Forum: Ruby once modifier (pickaxe book page 391)

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084b13bebff6514ac50cd171c4e10e51?d=identicon&s=25 ChrisKaelin (Guest)
on 2007-04-20 21:10
(Received via mailing list)
The following code is from the pickaxe book page 391 (slightly
modified in order to have it available in all classes, that are
defined). It implements a once modifier, that ensures a method's body
is only called, if it's return value (an instance variable) is not
already set.

# Extending Module with the amazing once modifier
class Module
  def once(*ids) # :nodoc:
    for id in ids
      module_eval <<-"EOF"
        alias_method :__#{id.to_i}__, :#{id.to_s}
        private_methods :__#{id.to_i}__
        def #{id.to_s}(*args, &block)
          (@__#{id.to_i}__ ||= [__#{id.to_i}__(*args, &block)])[0]
        end
      EOF
    end
  end
end

It really works very well and is a wonderful example of ruby's power.

But I got some noob questions now:
- Why isn't this cool method available in ruby directly?
- Why can't I use "ids.each" instead of "for id in ids"? Ok, this
question has nothing to do with the code itself ;-)
- I know what "||=" does (evaluate assignment only, if the left part
is false), but what do you call this?

Sorry for my lack of these basics and thanks in advance for any
answers.

Chris
Cb48ca5059faf7409a5ab3745a964696?d=identicon&s=25 unknown (Guest)
on 2007-04-20 21:20
(Received via mailing list)
On Sat, 21 Apr 2007, ChrisKaelin wrote:

>      module_eval <<-"EOF"
> It really works very well and is a wonderful example of ruby's power.
>
> But I got some noob questions now:
> - Why isn't this cool method available in ruby directly?

one possible reason


   harp:~ > cat a.rb
   require 'once'
   class NotRobust
     def foo() p 42 end
     once :foo
   end

   nr = NotRobust.new
   2.times{ nr.foo }


   harp:~ > ruby a.rb
   42



   harp:~ > cat a.rb
   require 'once'
   class NotRobust
     def foo() p 42 end
     2.times{ once :foo }
   end

   nr = NotRobust.new
   2.times{ nr.foo }


   harp:~ > ruby a.rb
   Segmentation fault (core dumped)


   harp:~ > ruby --version
   ruby 1.8.4 (2005-12-01) [i686-linux]

regards.

-a
084b13bebff6514ac50cd171c4e10e51?d=identicon&s=25 ChrisKaelin (Guest)
on 2007-04-20 21:30
(Received via mailing list)
ara.t.how...@noaa.gov wrote:

>    nr = NotRobust.new
>    class NotRobust
>
>
>    harp:~ > ruby --version
>    ruby 1.8.4 (2005-12-01) [i686-linux]
>
> regards.
>
> -a
whoops, o.k. I see...
but... why should I do this: 2.times { once :foo } ? o.k. I can
imagine, ruby should allow everything without coredumping ;-)
Cb48ca5059faf7409a5ab3745a964696?d=identicon&s=25 unknown (Guest)
on 2007-04-20 22:06
(Received via mailing list)
On Sat, 21 Apr 2007, ChrisKaelin wrote:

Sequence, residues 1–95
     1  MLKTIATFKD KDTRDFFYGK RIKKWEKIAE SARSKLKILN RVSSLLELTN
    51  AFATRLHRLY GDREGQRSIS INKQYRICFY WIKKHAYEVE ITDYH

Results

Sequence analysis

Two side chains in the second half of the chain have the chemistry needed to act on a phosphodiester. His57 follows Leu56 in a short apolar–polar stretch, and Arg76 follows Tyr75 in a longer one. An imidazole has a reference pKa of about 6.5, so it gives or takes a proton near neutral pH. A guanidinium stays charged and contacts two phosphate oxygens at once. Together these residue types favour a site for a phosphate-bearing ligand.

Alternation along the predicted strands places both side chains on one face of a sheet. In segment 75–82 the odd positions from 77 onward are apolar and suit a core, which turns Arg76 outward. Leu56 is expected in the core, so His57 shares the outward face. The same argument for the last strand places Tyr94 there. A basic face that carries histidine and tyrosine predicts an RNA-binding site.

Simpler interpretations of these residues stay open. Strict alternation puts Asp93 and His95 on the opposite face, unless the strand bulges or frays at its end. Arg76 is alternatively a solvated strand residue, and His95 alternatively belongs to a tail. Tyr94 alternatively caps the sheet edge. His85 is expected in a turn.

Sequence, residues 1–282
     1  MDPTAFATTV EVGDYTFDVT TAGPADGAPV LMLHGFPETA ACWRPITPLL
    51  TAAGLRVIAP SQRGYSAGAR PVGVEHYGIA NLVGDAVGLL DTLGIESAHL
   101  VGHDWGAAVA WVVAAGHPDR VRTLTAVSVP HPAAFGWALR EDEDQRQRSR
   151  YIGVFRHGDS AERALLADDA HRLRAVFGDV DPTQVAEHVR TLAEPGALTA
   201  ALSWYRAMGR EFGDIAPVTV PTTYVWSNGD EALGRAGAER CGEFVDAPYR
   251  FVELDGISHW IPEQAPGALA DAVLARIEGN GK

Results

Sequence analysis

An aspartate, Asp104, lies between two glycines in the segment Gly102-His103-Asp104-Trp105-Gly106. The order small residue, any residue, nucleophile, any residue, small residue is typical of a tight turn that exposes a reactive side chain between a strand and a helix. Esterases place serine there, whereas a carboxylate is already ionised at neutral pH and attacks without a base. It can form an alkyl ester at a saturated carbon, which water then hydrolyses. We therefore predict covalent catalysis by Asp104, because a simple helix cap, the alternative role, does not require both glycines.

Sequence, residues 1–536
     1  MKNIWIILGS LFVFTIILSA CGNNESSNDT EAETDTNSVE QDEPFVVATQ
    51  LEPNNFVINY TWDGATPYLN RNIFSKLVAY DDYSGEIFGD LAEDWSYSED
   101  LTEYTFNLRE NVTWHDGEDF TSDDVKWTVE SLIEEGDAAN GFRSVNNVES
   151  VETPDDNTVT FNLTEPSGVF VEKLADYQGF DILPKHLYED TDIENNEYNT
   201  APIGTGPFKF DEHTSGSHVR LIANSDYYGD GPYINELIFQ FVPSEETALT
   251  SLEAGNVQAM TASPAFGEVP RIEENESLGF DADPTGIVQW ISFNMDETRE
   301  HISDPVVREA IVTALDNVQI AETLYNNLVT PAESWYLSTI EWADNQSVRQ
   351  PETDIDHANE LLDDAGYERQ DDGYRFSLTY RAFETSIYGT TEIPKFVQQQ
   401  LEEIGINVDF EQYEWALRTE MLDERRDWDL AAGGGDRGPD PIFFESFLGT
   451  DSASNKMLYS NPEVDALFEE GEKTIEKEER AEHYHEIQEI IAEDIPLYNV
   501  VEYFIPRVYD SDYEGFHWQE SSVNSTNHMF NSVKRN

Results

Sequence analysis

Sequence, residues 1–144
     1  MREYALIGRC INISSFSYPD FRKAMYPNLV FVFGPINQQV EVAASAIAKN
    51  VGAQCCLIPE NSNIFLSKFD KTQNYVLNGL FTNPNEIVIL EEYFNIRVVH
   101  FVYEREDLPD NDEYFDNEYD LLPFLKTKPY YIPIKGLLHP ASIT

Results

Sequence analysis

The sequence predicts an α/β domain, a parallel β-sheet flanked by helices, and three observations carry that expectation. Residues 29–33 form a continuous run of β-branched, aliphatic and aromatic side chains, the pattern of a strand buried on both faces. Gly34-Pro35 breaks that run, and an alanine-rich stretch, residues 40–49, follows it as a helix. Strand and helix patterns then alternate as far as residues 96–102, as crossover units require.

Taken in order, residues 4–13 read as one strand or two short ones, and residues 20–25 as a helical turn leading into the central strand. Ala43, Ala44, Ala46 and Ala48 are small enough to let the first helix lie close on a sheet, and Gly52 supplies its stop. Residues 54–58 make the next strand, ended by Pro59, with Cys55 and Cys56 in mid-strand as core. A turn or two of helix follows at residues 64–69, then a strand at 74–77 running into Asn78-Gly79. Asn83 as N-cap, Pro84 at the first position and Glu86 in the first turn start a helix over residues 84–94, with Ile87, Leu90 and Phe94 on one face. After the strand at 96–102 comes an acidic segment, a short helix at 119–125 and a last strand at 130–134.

>>      once :foo
>>
>>
> whoops, o.k. I see...
> but... why should I do this: 2.times { once :foo } ? o.k. I can
> imagine, ruby should allow everything without coredumping ;-)
>
>

-a
753dcb78b3a3651127665da4bed3c782?d=identicon&s=25 Brian Candler (Guest)
on 2007-04-20 22:25
(Received via mailing list)
On Sat, Apr 21, 2007 at 04:10:09AM +0900, ChrisKaelin wrote:
> - Why can't I use "ids.each" instead of "for id in ids"? Ok, this
> question has nothing to do with the code itself ;-)

ids.each do |id|
  ...
end

> - I know what "||=" does (evaluate assignment only, if the left part
> is false), but what do you call this?

Note that

a ||= b

is syntactic sugar for

a = a || b

My K&R C book just calls them "assignment operators", although C doesn't
have ||= (but it has *=, /=, %=, +=, -=, <<=. >>=, &=, ^=, |=)
084b13bebff6514ac50cd171c4e10e51?d=identicon&s=25 ChrisKaelin (Guest)
on 2007-04-21 00:31
(Received via mailing list)
On 20 Apr., 22:24, Brian Candler <B.Cand...@pobox.com> wrote:
> On Sat, Apr 21, 2007 at 04:10:09AM +0900, ChrisKaelin wrote:
> > - Why can't I use "ids.each" instead of "for id in ids"? Ok, this
> > question has nothing to do with the code itself ;-)
>
> ids.each do |id|
>   ...
> end
nope, that gives me:
SyntaxError: compile error
(irb):3: syntax error, unexpected kDO
(irb):13: can't find string "EOF" anywhere before EOF
(irb):4: syntax error, unexpected $end, expecting tSTRING_CONTENT or
tSTRING_DBEG or tSTRING_DVAR or tSTRING_END
        from (irb):4
        from :0

while " for id in ids" works well (that's why the official code uses
it, I guess. Normally "each" is preferred over that, afaik.


>
> My K&R C book just calls them "assignment operators", although C doesn't
> have ||= (but it has *=, /=, %=, +=, -=, <<=. >>=, &=, ^=, |=)
my fault, I should've known that, I just only knew ||= from Array
stuff, so I could not get the link to a = a || b. Thanks a lot!
7a561ec0875fcbbe3066ea8fe288ec77?d=identicon&s=25 Sebastian Hungerecker (Guest)
on 2007-04-21 09:46
(Received via mailing list)
ChrisKaelin wrote:
> SyntaxError: compile error
> (irb):3: syntax error, unexpected kDO
> (irb):13: can't find string "EOF" anywhere before EOF

That would be caused by leaving out the "EOF" not by replacing
the for-loop with each.


HTH,
Sebastian Hungerecker
084b13bebff6514ac50cd171c4e10e51?d=identicon&s=25 ChrisKaelin (Guest)
on 2007-04-22 20:25
(Received via mailing list)
On 21 Apr., 09:46, Sebastian Hungerecker <sep...@googlemail.com>
wrote:
> ChrisKaelin wrote:
> > SyntaxError: compile error
> > (irb):3: syntax error, unexpected kDO
> > (irb):13: can't find string "EOF" anywhere before EOF
>
> That would be caused by leaving out the "EOF" not by replacing
> the for-loop with each.
Even more shame for me:
it was, because I used
ids.each |id| do
instead of
ids.each do |id|

ouch!
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